CWA Local 6355, the Missouri State Workers Union, began in 1984, when a group of state workers in the Missouri Department of Social Services, tired of low pay and overwhelming caseloads, started organizing so they could have a union that would represent their interests in Jefferson City. Workers decided to join forces with CWA (Communication Workers of America), which had just won an election to represent thousands of state workers in New Jersey and was busy organizing state workers in Texas and across the nation. State workers in Missouri were excited to know that they could join together in a union that was fighting and winning all across the United States!

On July 12th 1984 state workers in the Department of Social Services made a historic decision and voted almost three to one to join with CWA to fight for justice for state workers. DSS workers had their union and it was CWA. Within two years CWA members had already won a 17% pay raise!

In 1989 workers decided it would be more effective to have all state workers under one local and CWA Local 6355, The Missouri State Workers Union was officially born. With all state workers unified under one local state workers again won pay raises, increased staffing and expanded health care coverage. Workers continued to show the state our strength and we continued to organize towards our next major victory.

During the nineties state workers built a strong steward network of hundreds of members that protected worker’s rights on the job in every state office. Our annual Lobby Days grew larger every year as more members became active and we won new political rights, a bill creating caseload standards, saved state holidays and sovereign immunity protection for workers.

By 2000 Missouri’s pay for workers again lagged behind the national average. Taking advantage of the strong membership built up during the nineties, state workers pushed through the largest flat raise in Missouri’s history, a $2,000 pay raise! CWA Local 6355 gained power and influence in Jefferson City as we showed our strength in unity and our ability to set new standards in Missouri.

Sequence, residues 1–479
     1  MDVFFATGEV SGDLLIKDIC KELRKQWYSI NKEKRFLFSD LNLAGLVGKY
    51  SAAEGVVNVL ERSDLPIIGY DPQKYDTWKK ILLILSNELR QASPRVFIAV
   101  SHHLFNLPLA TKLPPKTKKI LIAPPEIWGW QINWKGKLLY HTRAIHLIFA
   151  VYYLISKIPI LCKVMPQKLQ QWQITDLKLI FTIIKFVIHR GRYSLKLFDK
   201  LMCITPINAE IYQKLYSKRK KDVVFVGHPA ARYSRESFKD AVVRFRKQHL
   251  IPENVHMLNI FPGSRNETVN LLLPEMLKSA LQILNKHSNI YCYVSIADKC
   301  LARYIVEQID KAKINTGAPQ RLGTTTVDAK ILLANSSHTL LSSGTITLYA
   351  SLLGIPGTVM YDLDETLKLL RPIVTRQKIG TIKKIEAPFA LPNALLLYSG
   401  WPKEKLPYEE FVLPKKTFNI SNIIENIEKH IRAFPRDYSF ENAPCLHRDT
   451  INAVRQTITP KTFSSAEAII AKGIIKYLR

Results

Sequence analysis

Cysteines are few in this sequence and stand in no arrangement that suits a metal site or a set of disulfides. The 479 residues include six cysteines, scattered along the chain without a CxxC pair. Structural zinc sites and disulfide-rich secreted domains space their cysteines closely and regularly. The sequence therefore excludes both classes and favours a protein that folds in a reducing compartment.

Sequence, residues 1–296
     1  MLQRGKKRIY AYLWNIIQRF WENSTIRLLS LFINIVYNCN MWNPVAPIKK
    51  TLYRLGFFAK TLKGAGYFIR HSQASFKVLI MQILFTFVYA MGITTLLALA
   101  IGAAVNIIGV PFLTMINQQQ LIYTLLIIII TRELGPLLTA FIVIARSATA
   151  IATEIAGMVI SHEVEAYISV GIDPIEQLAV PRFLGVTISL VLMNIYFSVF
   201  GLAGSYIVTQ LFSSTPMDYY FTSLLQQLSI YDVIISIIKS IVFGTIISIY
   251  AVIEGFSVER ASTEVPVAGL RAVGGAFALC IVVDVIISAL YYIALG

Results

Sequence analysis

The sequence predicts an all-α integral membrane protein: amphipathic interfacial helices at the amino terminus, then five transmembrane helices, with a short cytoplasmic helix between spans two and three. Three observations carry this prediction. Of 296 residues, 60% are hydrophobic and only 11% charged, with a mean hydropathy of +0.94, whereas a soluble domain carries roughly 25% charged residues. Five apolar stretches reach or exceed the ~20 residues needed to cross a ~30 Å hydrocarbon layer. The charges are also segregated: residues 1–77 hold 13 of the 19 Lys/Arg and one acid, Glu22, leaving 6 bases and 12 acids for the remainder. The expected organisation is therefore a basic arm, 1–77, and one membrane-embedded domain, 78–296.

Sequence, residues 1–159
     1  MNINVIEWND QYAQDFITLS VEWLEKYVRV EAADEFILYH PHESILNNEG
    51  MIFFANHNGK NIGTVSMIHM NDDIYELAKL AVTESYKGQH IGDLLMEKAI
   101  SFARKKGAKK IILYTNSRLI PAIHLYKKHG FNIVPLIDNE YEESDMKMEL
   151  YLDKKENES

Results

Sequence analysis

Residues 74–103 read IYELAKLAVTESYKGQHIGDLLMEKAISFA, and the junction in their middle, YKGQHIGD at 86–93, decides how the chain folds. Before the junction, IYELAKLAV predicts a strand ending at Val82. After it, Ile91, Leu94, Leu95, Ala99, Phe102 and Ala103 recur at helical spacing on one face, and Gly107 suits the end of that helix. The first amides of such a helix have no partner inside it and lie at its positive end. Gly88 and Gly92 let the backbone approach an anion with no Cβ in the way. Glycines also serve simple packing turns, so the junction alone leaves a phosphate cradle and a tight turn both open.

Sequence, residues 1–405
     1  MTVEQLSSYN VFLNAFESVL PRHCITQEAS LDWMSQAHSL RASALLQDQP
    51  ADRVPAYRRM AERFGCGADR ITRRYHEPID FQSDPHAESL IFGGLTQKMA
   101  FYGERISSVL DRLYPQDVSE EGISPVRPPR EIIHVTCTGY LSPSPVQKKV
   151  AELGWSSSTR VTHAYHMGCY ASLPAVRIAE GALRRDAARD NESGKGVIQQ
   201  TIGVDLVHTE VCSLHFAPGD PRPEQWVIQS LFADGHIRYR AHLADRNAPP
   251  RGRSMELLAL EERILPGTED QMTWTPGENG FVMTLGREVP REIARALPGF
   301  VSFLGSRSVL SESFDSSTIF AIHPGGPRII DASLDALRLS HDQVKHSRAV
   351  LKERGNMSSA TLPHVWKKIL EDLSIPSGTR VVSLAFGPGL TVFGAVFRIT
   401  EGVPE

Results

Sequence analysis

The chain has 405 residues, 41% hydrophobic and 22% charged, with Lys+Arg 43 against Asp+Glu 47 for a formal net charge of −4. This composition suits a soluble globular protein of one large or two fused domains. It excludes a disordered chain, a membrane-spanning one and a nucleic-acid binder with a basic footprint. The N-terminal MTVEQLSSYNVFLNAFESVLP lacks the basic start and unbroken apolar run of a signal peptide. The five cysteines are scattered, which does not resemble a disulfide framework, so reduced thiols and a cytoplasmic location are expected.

In 2003, Parkway School District voted to join the local. Prior to moving to CWA Parkway School District was part of the International Union of Electrical Workers (IUE). This change in unions was based on the IUE and CWA 2001 national merger. Because of CWA, Parkway support employees have some of the very best working conditions of any school district employees in any Missouri public school.

DSS employees have gone on to score significant gains for state workers through CWA. In 2007, the Missouri Supreme Court reversed a decades long interpretation of the Missouri Constitution that had prohibited public workers from having legally binding contracts through labor unions.  In 2010, CWA negotiated the first ever legally binding collective bargaining contract for state employees.  Activism by CWA members and a favorable ruling from the Missouri Supreme Court made this possible.

CWA Local 6355’s members in Children’s Division work directly with Missouri’s licensed foster care providers.  These relationships led CWA to begin organizing Missouri’s licensed foster care providers for union representation in a truly innovative campaign that began in May of 2008.  CWA’s foster care provider organizing has resulted in expanded access for foster care providers to health insurance through legislation signed into law in 2012 and has facilitated enforcement of CD policies for foster care providers through the establishment of a state wide steward network.

Today we face major challenges as we combat a hostile Governor, legislature, and a proposed FSD reorganization. Addressing the chronic crisis of revenue that plagues Missouri and causes our state to consistently rank at the very bottom of the USA for support for public education and public employee pay being chief among them.

But the power of state workers is already beginning to change the tide. State Representatives and Senators have been eager to court state workers favor as they face re-election in 2014. Politicians know what we have shown for years, that together state workers can overcome all obstacles and that we will hold our representatives accountable for the conditions we face at work everyday. State workers know that power concedes nothing without a demand and that is why we will always continue to organize a demand what we deserve: fair pay, decent benefits, rights on the job, and full staffing to allow us to provide high quality services to the public.